Social Security Disability benefits are meant to help disabled workers when they need it most. Because of this, these benefits come with a number of built-in protections so that creditors cannot take these benefits from workers who need them.
Though in most circumstances creditors cannot garnish or attach to a disabled worker’s Social Security Disability Insurance (SSDI) payments and Social Security payments, there are still a few exceptions that disability claimants should be aware of when applying for benefits.
SSDI Payments and Circumstances in Which they Can Be Garnished
For the majority of disability recipients, SSDI payments are not taxable. This is true even for disability recipients who are earning some income in addition to their disability benefits. However, if the disability recipient or his or her spouse is earning a substantial income, it is likely that the disability recipient’s SSDI payments will be subject to federal taxes. It is unlikely that a disability recipient would have to pay state taxes on his or her benefits as only a few states tax disability benefits.
Some but not all disability benefits can be taken to pay a disability recipient’s child support. SSDI benefits can be taken for this purpose, but not Supplemental Security Income (SSI) benefit. This is because SSDI is a disability benefit that is earned by a worker over time, while SSI benefits are need-based and given to low-income individuals. As a result, SSDI is considered to be income for the purposes of calculating child support, while SSI benefits are not calculated the same way.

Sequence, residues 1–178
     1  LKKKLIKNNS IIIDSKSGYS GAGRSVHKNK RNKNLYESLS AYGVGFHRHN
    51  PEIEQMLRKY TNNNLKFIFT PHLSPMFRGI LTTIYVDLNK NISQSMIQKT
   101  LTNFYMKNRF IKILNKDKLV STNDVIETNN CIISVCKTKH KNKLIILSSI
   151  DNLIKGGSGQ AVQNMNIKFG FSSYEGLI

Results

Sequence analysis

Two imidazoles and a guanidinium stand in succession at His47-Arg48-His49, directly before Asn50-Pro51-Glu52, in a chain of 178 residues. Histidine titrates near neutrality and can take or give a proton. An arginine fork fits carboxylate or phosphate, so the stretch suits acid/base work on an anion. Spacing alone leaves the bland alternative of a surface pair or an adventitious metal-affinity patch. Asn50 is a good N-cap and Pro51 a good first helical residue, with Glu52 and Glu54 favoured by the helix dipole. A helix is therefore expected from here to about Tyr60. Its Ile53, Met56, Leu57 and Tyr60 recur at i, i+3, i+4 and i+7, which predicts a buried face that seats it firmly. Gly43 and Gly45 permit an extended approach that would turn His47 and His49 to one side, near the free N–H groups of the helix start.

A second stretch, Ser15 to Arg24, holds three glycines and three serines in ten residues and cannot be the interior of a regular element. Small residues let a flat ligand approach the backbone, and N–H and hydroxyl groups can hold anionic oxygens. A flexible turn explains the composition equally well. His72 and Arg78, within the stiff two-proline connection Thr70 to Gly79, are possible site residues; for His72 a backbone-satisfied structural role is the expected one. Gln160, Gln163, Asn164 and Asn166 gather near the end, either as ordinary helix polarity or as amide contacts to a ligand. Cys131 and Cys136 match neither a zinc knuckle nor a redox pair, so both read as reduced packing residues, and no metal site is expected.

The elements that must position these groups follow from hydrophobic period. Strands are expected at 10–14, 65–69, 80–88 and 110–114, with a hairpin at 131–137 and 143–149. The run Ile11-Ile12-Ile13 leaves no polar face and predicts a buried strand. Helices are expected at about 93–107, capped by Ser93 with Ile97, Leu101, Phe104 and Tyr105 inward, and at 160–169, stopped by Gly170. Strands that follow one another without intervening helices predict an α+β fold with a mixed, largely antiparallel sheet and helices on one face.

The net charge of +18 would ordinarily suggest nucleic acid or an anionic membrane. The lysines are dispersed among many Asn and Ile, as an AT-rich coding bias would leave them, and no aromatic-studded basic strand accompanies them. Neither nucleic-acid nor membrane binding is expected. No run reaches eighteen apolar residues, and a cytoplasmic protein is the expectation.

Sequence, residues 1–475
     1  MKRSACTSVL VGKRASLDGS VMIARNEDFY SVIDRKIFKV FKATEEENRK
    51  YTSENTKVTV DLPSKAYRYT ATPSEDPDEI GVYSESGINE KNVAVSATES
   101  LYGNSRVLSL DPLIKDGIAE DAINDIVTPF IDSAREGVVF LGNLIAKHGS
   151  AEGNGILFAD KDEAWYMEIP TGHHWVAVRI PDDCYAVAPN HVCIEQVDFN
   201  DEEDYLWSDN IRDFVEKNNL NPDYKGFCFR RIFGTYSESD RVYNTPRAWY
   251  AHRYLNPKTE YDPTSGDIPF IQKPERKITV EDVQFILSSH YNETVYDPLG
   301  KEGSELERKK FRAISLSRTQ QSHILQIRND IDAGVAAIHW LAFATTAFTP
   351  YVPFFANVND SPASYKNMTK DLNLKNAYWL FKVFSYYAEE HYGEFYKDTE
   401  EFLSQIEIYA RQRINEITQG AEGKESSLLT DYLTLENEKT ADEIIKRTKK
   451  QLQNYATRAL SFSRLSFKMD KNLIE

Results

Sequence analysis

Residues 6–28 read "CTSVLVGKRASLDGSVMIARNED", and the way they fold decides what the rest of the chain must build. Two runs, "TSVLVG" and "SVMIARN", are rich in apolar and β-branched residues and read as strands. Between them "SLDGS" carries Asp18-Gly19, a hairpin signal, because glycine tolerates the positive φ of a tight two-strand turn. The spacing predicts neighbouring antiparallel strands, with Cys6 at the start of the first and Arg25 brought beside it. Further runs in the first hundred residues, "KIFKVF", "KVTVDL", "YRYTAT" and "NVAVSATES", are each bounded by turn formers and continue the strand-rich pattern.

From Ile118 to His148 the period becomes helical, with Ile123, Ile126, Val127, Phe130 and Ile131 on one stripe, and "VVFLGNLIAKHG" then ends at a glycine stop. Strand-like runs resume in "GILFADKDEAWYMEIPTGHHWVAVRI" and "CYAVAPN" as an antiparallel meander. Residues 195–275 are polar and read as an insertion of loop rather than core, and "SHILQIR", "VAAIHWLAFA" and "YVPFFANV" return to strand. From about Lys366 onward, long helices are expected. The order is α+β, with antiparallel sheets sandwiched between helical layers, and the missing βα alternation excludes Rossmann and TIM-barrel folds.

Most state courts do not consider SSDI benefits to be marital property during divorce proceedings when marital assets are being divided. However, like with child support, SSDI benefits are considered income when determining alimony awards while SSI benefits are not.
If a disability recipient received federally guaranteed student loans and is behind on his or her loan payments, the federal government can take steps to recover what it is owed by taking the disability recipient’s disability payments.
Garnishment is used to collect money a disability recipient owes on a judgment by ordering the Social Security Administration (SSA) to pay the money directly to the person to whom it is owed.
If a disability recipient is responsible for making court-ordered child support or alimony payments or is behind on his or her federal student loan payments, his or her SSDI benefits can be garnished to satisfy these obligations.
Because disability recipients need their SSDI payments to live on, these benefits are generally protected in Chapter 7 bankruptcy but there are some exceptions. Whether a disability recipient can keep all of his or her SSDI payments depends on where the disability recipient lives, whether the disability recipient gets payments from any other source, and whether the disability recipient is trying to protect past or future disability payments.
Do you need help in understanding SSDI benefits and are seeking to apply for them? Consider the Law Office of Neil H. Good for your representation. Contact us online or call for a free case evaluation #866-352-5238.